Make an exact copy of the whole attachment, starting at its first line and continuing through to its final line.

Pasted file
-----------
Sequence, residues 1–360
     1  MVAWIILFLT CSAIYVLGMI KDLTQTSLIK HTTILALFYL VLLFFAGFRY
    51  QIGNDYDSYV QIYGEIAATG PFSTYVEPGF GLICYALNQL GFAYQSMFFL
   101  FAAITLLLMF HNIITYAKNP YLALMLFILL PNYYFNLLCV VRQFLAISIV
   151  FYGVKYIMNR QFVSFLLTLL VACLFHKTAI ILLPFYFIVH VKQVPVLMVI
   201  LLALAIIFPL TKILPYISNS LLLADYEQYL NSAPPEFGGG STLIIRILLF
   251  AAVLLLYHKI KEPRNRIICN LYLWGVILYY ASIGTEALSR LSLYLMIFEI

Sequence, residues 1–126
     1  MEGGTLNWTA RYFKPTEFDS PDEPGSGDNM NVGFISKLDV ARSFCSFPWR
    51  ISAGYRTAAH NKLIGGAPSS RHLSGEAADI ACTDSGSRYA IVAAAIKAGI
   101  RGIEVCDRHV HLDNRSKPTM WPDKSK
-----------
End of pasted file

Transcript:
Sequence, residues 1–360
     1  MVAWIILFLT CSAIYVLGMI KDLTQTSLIK HTTILALFYL VLLFFAGFRY
    51  QIGNDYDSYV QIYGEIAATG PFSTYVEPGF GLICYALNQL GFAYQSMFFL
   101  FAAITLLLMF HNIITYAKNP YLALMLFILL PNYYFNLLCV VRQFLAISIV
   151  FYGVKYIMNR QFVSFLLTLL VACLFHKTAI ILLPFYFIVH VKQVPVLMVI
   201  LLALAIIFPL TKILPYISNS LLLADYEQYL NSAPPEFGGG STLIIRILLF
   251  AAVLLLYHKI KEPRNRIICN LYLWGVILYY ASIGTEALSR LSLYLMIFEI

Sequence, residues 1–126
     1  MEGGTLNWTA RYFKPTEFDS PDEPGSGDNM NVGFISKLDV ARSFCSFPWR
    51  ISAGYRTAAH NKLIGGAPSS RHLSGEAADI ACTDSGSRYA IVAAAIKAGI
   101  RGIEVCDRHV HLDNRSKPTM WPDKSK